from the big cities we had visited the past three days.
After bidding our hosts farewell, and transferring back to our bus, we made the 45-minute
trip to Pompeii, about midway between Sorrento and Naples. Pompeii was amazing and
definitely worth repeat visits. For those, like myself, who just knew the basics—the
cities of Pompeii, Herculaneum, and Stabiae were buried by ash and volcanic mud (pumice,
in the case of Pompeii) that erupted from Mt. Vesuvius in the year 79 C.E. I had
done a fair amount of research before our visit, and was still greeted with numerous,
wondrous, surprises. The first was how tall the structures are, and the second was
its immense scope. It’s one thing to read about it, but quite another to be there,
gazing into the remains of houses that once lined busy streets, walking across these
same streets upon stepping stones, viewing the outdoor theatres, admiring the marble
floors of some of the buildings, and looking across the vast landscape of the Temples.
It was easy to imagine the bustling town that once stood here, along with its houses
and shops. Our tour guide was phenomenal and had a commanding knowledge of the history
of Pompeii, certainly enhancing our visit.
It was also overwhelmingly sad, particularly the plaster casts of several victims,
including a dog, caught at the time of the devastation.
Yet, our biggest surprise was… believe it or not… running into someone I knew from
home. I knew he and his wife were spending a couple of weeks traveling in various
parts of Italy. Yet, what are the odds of all of us not only being in the same city
on the same day, AND running into each other within the vast walls and mazes of Pompeii!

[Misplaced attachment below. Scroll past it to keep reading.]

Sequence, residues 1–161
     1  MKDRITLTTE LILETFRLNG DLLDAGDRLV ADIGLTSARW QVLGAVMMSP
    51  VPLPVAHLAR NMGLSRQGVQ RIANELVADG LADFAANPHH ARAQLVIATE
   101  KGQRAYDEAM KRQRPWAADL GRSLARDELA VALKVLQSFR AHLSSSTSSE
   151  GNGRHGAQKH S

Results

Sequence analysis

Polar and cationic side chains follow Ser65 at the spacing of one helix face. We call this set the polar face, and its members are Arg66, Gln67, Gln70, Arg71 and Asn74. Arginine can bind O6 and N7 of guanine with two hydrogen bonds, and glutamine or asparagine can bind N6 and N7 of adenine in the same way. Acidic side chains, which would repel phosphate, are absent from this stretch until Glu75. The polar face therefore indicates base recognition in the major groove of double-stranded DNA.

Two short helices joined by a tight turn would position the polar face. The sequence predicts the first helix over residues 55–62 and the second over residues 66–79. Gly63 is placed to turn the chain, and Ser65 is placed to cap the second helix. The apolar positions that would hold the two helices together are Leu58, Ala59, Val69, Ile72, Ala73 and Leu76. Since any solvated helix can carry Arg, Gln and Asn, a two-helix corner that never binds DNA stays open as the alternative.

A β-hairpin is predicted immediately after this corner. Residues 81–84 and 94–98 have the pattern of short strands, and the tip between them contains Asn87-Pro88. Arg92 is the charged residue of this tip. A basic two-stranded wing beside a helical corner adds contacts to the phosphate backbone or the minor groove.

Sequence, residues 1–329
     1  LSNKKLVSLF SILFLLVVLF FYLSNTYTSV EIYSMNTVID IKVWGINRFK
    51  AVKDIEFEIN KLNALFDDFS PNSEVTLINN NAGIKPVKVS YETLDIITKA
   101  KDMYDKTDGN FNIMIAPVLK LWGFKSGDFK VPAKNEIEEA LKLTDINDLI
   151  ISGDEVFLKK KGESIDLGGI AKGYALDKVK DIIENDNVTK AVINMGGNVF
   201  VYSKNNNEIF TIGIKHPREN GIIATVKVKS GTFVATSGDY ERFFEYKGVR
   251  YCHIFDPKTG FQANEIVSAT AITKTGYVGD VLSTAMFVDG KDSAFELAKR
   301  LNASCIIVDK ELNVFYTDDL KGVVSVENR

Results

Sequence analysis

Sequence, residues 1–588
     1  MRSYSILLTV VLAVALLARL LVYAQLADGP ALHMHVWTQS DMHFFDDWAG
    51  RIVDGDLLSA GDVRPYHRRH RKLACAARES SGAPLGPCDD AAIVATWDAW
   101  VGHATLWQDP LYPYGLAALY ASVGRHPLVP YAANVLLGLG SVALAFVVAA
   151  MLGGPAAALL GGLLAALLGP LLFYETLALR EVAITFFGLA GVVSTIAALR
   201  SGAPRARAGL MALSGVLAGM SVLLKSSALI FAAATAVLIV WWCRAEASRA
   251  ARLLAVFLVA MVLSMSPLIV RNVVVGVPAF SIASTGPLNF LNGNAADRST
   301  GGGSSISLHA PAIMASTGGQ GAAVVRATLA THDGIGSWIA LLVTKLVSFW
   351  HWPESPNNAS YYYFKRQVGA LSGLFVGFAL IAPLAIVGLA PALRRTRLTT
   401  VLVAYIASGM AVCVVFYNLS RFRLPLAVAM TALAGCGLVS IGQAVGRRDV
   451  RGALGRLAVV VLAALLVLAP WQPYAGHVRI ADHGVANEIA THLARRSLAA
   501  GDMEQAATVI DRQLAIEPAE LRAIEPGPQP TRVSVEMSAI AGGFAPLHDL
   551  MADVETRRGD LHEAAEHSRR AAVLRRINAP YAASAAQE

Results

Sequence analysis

Our tour of Pompeii ended at 3:45, which was initially a surprise as we had expected
to be back at the ship at this time, and we were still 20 minutes away. Yet, we still
made the requisite stop at the cameo factory (interesting, but as I had my box from
Sorrento, I didn’t need to spend any more money). We ended up back at the ship at
4:45, which was fine as we weren’t scheduled to depart until 7:00. I realized later
that the difference might have been due to a miscommunication regarding ship time
(which passengers were following) versus local time (that our tour guide was following).
No big deal – thankfully, the tour company had been given the correct time to meet
us at the ship in the morning! Nonetheless, it is important for those on independent
tours to be aware of time zone differences no matter where they are traveling.
A shore excursion is not required to visit Sorrento or Pompeii—passengers may also
visit these locations fairly easily by ferry and/or train. We were glad, however,
to have had a guided tour on our first visit, given the distance and the vast amount
of information covered. As Pompeii is a popular destination, your tour group may
visit at any time of day to help minimize the crowds. We lucked out in that our Pompeii
visit was near the end of the day. Pompeii is so overwhelming it would have been
harder to enjoy the beautiful coastal village of Sorrento had the order been reversed.
There were just two negatives for me on this tour. The first was the requisite stop
at the cameo factory. While intriguing to some, I’m sure, I would have preferred
to have had the extra time in Pompeii or Sorrento. Additionally—and this one is easily
rectified—I wished our guide had shown us our locations on a map prior to visiting,
as our other guides had done earlier in the week. Even though I was aware of the
geography due to my research, it would have been particularly helpful for Pompeii.
That said, this was a fabulous tour that I would recommend without much hesitation.
In fact, I would even repeat it, after I’d had a chance to see Capri. This is definitely
a region of Italy that requires at least several days to fully appreciate, yet this
tour gave us a small taste of what the Campania region has to offer.